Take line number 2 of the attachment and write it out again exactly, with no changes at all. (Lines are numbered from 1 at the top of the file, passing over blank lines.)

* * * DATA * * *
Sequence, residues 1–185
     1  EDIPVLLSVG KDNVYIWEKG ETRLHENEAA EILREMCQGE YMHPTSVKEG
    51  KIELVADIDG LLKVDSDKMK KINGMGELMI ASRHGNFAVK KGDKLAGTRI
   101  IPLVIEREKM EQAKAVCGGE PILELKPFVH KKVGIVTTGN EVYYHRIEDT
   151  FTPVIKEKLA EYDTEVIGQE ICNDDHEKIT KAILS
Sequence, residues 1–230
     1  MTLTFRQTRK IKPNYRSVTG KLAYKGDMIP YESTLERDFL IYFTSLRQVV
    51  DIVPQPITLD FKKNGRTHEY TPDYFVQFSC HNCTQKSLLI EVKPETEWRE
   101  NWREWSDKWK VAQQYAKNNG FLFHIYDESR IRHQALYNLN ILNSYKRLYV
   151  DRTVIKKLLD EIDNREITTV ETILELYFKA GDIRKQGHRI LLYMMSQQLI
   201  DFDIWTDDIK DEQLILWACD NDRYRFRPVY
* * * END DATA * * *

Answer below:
     1  EDIPVLLSVG KDNVYIWEKG ETRLHENEAA EILREMCQGE YMHPTSVKEG